It is called “Life Coaching” however this is slightly misleading as it actually takes you on a transformative journey from feeling stressed with life to feeling positive and motivated about what is most important to you.
I use an unusual blend of approaches to being at our best including: some contemporary mind-body exercises; traditional coaching methods; a focus on how we eat and sleep; and some neat one-off techniques to change how you feel.
I taught it last term and one student described it as “a quite fabulous course”. Some made quite significant changes in their lives and on the last session everyone reflected about how much more positive they felt about life.
It’s £107 for the ten weeks (and it is me teaching it not Mary Cornell as suggested on the Varndean site).
Here’s a link with more info and booking.
Do message me if you’d like to find out more.
I am leading a woodland – downland walk near Hassocks on Sunday 2nd June and it would be great to have you join us. The walk is happening under the banner of the Scottish Centre for Geopoetics (Southern branch!) however no knowledge or even interest in Geopoetics is required! It will just be a great walk starting at Hassocks station (east car park) at 10:30 and finishing around 3:30pm. Do click on the flyer below to find the details
The walk will take us through a rich and varied landscape, pausing to pay attention to what ever wonders of human or natural interest capture our attention. I will lead two simple activities – one, where we will experiment playing with some of our filters of perception and maybe experience the wood in a richer way, and two, up on Wolstenbury where we will consider the millenia of interaction between humans and landscape, downland and forest.
As Geopoetics provides the context for the walk, a little explanation! It is a field of cultural engagement with the earth mapped out by the Scottish poet Kenneth White. A short but delightfully intriguing definition of it might be:
Geopoetics seeks a new or renewed sense of world … which is experienced both intellectually, by developing our knowledge, and sensitively, using all our senses to become attuned to the world, and requires both serious study and a certain amount of de-conditioning of ourselves by working on the body-mind.
It also seeks to express that sensitive and intelligent contact with the world by means of a poetics i.e. a language drawn from a way of being which attempts to express reality in different ways e.g. oral expression, writing, visual arts, music, and in combinations of different art forms.
Do join us …. to have a great day out and to develop our knowledge of a wonderful landscape and use our senses to attune ourselves to the land in interesting ways.
Do comment or email one of the contact email addresses on the flyer if you plan to join us.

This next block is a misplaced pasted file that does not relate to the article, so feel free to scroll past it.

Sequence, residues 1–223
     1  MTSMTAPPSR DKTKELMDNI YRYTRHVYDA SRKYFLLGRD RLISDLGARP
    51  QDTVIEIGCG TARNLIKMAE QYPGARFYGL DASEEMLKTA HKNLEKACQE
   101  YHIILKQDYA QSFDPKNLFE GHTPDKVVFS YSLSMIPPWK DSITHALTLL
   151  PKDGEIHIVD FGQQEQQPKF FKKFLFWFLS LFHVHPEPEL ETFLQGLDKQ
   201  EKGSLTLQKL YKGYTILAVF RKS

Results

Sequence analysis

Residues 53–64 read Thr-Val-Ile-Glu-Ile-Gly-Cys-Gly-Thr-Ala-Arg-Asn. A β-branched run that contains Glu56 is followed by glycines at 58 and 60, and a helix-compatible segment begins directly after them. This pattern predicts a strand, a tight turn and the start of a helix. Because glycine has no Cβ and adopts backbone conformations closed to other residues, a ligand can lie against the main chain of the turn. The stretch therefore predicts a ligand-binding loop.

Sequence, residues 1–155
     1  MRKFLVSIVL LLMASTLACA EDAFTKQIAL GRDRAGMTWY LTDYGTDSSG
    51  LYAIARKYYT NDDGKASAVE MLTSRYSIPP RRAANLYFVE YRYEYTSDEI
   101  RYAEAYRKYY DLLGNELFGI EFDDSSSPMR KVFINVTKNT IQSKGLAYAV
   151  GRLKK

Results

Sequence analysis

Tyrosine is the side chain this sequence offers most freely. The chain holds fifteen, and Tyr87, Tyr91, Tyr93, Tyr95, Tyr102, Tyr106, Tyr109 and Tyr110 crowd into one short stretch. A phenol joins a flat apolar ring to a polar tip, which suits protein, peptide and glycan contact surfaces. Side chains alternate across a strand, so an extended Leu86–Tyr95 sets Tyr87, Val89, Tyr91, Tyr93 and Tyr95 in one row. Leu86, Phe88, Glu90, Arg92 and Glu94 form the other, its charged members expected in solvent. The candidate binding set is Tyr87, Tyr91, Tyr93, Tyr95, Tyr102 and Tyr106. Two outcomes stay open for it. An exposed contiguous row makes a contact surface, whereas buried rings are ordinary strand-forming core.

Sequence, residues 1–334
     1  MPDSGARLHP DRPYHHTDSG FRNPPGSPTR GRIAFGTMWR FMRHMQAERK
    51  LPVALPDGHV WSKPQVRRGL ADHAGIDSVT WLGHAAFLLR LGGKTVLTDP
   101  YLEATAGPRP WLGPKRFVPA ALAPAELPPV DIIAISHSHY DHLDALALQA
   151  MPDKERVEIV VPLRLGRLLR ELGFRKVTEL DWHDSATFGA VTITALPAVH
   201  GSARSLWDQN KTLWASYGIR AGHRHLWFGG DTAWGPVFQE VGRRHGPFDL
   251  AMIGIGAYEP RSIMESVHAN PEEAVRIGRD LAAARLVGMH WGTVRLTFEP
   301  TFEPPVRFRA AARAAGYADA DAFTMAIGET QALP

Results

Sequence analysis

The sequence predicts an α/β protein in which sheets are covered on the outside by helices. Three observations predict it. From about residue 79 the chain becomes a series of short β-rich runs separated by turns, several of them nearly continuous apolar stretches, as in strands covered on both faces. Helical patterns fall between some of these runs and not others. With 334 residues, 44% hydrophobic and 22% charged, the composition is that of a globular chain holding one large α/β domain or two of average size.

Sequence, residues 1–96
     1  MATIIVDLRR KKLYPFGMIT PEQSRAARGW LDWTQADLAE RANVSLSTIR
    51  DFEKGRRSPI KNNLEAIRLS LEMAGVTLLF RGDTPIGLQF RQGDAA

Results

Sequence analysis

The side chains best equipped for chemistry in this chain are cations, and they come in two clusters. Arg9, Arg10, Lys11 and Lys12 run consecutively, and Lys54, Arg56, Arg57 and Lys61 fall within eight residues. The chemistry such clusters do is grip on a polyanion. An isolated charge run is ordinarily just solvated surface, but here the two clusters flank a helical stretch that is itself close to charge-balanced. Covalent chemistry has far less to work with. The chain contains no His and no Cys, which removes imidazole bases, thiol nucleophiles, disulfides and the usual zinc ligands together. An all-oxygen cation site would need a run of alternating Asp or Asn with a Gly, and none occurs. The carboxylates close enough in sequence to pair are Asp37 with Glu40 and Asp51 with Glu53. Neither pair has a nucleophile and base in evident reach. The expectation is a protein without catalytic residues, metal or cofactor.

UPDATE: Due to conditions at the site due to the recent weather this event has been postponed until Saturday 26th May. Do go along I am sure it will be fascinating but I will be out of the country and not be contributing. Gutted about this but c’est la vie!
Just a quick post to draw attention to a Brighton Fringe Festival event that I am involved in where I will be leading a short walking workshop in some of the practices mentioned in recent posts.
I am involved in Brighton Biosphere Project’s ‘Journey to the Core’ on Sat 12th at 1pm, 4pm and 8pm. Catch a Big Lemon bus out to Castle Hill for an introduction to one of the Downs richest ancient grasslands and to Brighton’s bid for recognition as the first UNESCO City Biosphere.
Click the picture for a bigger poster.
I am one of the ‘experts’ contributing a short walk where you get to play with some easy but enriching techniques for experiencing the world through our embodied senses and a ‘know-nothing’ mind – a walk in the country will never be the same.
You can book a ticket here – would love to see you there:
I will be using some of the practices that will be explored much more fully in a full day ‘Sensory Earth’ workshop that I am plan to run in July. Watch this space.
Take a moment to consciously touch your hands together, alive to the tactile experience. Explore the roughness, smoothness, warmth, coolness, dryness, moisture, folds and bumps. This is not a one-way experience – left hand touches right, feels it, yet simultaneously, in reciprocity, the right experiences the left. Yet they are the same body, the same sense system. Who is touching who? Who is feeling what?
Move on to touch (or imagine touching) another person’s hand – you feel them, in the same way as you did your own. You experience all the contours and textures of their skin and bone, even as they, though this time as another person, experience yours. and they feel you … are consciously and unconsciously aware of you in the same moment.
Touch an animal – feel their warmth, the texture of their hair, the movement of the breathing, their rapid heartbeat. They move, maybe imperceptibly towards you, they feel you, they experience you as you touch them.
Touch a leaf or tree trunk – you feel it, its rough texture, its waxy surface, its coolness. You experience it in your body and in some way it feels you – some plants demonstrate this, leaves curl, they move to respond to the changing light. So different from the animal yet they are part of the tactile world.
Touch a stone, or a hill or mountain- you feel it, its coldness, its chalky crumbly texture, its granite roughness, its stillness. Does it in some ways reciprocate the touch? As you walk barefoot across rocks – imagine the press upwards that greats your every step.
And then play the same game – with sight, with hearing, with smell. Our moist, bright, light-reflecting eyes, can be seen as well as see, they participate in the domain of light, of sight, and not just as external observers. And each breath, is a co-mingling, a participation in an exchange, we draw in the air, with its scents left by other entities, its cargo of chemicals and we change them, absorbing some, adding others, before releasing the breath outwards to be taken up by another person, animal or plant.
I am not for one instant proposing that plants, stones and mountains have a consciousness like we do. But I am at least throwing out the thought for consideration, or atleast as a game to play with, that consciousness is a reciprocity, that the world is a sensuous exchange between all its beings – a gestalt (a system where any action in one part of it effects and changes all other parts) as French philosopher Mearleau-Ponty would say.
David Abrams remarks: